VIENNA, Austria – DNA tests could soon solve a century-old mystery – whether a skull held by the International Mozarteum Foundation is that of Wolfgang Amadeus Mozart.
Archaeologists have opened a grave in Salzburg thought to contain the remains of Mozart’s father and other relatives. Experts plan to compare the remains’ genetic material with the foundation’s skull to determine if it belonged to the famed Austrian composer.
Mozart died in 1791 and was buried in a pauper’s grave at Vienna’s St. Marxer Cemetery. The location of the grave was initially unknown, but its likely location was determined in 1855. The grave on that spot is adorned by a column and a sad-looking angel.
Legend has it that a gravedigger who knew which body was Mozart’s sneaked the skull out of the grave. Through different channels, the skull came to the Mozarteum in Salzburg in 1902, said Dr. Stephan Pauly, the foundation’s director.
It remains at the foundation, out of public view, Pauly said.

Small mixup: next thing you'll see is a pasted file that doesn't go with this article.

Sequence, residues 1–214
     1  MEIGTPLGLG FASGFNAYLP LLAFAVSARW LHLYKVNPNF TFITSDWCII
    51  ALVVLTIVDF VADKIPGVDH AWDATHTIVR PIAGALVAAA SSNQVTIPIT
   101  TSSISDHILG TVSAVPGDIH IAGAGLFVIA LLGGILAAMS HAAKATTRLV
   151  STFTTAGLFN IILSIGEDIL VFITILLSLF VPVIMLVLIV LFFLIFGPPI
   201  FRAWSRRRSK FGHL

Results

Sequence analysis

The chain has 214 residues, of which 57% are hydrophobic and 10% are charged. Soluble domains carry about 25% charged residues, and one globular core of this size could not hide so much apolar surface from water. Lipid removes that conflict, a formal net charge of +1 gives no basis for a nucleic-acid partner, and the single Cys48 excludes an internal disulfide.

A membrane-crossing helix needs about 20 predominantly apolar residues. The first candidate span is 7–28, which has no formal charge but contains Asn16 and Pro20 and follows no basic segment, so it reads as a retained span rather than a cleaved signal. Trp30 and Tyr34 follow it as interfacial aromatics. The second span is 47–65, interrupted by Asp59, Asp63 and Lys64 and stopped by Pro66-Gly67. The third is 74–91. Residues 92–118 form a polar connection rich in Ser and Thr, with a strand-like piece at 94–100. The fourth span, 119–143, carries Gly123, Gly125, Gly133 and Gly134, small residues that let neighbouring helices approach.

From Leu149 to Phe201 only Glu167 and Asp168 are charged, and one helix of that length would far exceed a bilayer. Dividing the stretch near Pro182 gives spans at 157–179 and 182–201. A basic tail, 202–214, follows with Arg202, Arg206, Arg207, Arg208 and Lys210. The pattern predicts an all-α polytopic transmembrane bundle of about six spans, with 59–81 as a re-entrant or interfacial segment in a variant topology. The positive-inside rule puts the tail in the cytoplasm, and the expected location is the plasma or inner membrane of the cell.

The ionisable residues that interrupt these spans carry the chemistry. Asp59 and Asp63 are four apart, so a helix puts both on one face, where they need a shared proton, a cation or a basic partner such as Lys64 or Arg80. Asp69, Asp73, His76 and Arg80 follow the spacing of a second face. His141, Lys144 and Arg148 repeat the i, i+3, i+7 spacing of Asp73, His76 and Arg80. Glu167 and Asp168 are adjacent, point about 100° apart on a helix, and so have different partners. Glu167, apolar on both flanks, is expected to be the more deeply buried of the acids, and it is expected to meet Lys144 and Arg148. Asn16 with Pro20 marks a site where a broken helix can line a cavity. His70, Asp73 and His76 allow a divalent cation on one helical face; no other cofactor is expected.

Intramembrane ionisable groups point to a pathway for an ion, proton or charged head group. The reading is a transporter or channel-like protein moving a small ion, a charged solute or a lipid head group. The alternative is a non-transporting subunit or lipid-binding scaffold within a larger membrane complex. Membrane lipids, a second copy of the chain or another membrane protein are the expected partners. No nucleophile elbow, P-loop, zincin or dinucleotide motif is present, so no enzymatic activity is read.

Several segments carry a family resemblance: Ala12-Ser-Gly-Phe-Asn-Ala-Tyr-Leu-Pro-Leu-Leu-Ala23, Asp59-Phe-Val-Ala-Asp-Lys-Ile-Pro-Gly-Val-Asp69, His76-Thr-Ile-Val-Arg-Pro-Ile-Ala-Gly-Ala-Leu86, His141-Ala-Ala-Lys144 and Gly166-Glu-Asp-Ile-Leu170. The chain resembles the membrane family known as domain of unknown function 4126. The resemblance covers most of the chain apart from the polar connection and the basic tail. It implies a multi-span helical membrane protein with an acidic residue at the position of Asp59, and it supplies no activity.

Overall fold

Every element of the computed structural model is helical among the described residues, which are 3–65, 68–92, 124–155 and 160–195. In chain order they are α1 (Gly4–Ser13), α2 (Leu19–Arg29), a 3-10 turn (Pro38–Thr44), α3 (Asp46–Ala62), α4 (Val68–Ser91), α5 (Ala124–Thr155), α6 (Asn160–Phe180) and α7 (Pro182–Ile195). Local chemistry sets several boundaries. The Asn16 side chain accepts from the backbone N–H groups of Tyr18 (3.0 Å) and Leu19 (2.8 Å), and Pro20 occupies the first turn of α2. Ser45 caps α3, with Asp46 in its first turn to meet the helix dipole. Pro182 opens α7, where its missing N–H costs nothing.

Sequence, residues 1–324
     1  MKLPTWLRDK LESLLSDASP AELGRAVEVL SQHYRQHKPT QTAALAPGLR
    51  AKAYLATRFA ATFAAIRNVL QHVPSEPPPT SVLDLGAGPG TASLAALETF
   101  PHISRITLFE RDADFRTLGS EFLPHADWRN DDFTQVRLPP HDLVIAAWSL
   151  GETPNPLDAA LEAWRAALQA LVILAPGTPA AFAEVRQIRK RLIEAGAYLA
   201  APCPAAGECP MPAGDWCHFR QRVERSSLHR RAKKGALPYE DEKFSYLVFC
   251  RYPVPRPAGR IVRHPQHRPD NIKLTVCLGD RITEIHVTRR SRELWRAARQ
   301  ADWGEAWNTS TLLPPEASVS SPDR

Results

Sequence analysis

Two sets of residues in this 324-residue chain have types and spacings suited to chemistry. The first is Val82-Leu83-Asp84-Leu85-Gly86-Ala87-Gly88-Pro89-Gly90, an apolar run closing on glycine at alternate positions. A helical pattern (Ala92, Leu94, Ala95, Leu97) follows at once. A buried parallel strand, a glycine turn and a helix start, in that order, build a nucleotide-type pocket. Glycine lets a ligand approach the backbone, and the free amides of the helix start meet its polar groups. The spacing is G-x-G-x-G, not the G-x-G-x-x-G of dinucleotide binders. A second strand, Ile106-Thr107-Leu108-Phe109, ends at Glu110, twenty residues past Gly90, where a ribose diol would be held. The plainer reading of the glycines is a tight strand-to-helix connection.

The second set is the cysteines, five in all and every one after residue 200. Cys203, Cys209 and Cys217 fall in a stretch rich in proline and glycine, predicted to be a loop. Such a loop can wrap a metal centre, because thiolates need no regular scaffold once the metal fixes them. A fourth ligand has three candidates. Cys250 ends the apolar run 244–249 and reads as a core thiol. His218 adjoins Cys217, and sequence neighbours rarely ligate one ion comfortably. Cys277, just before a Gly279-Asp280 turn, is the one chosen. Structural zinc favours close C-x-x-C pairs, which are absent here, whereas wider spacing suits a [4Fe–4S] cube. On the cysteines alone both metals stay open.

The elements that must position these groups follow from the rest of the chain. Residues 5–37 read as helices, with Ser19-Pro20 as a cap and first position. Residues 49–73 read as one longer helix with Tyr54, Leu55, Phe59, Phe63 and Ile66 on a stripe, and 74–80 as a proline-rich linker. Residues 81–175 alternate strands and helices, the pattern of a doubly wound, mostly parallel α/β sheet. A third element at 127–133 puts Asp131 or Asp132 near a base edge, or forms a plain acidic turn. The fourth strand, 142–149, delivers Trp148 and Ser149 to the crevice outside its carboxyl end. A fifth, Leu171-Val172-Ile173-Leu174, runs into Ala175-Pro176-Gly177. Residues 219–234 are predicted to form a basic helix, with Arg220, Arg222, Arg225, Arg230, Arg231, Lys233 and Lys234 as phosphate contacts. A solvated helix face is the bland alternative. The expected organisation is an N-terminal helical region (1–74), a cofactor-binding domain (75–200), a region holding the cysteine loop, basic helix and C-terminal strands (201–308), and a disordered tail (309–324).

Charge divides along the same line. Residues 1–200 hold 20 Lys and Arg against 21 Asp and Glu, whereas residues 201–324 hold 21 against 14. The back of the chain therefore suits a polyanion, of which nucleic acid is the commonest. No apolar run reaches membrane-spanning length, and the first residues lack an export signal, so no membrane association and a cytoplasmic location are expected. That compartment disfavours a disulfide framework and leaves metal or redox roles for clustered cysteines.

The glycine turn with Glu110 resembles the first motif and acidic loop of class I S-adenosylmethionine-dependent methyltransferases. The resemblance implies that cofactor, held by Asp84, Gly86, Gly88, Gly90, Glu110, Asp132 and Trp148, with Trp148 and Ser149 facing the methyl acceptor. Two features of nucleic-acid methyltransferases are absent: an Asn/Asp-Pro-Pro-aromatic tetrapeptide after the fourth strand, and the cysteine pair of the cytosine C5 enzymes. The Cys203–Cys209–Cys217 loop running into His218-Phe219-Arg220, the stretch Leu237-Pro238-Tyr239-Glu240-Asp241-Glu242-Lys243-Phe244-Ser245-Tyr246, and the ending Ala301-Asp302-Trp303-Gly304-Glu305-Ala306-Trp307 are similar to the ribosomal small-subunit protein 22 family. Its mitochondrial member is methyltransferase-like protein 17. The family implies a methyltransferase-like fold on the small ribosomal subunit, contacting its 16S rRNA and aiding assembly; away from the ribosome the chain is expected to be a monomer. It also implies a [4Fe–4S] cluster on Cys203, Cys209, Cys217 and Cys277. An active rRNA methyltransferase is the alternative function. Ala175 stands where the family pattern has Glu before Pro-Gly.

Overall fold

The institute is unsure just how the gravedigger got to the skull and how he knew where Mozart’s body was stored.
“There’s been several different examinations carried out, but none has offered conclusive evidence as to whether it belonged to Mozart,” Pauly told the Associated Press in a telephone interview from Salzburg.
The foundation, a private nonprofit organization that works to preserve Mozart’s legacy, was founded in 1880. It made the skull available for the DNA test and is “following this project with great interest,” Pauly said.
The outcome of the testing will be presented early next year, said Burgl Czeitschner, a state television science journalist who initiated the project.
The bodies in the grave were exhumed last week, and consultations will be held this month on the tests, she said.
Several skeletons were found in the grave. But because of the burial procedures of the era, it’s not certain that the remains in it come from the names listed on the grave stones, Czeitschner said.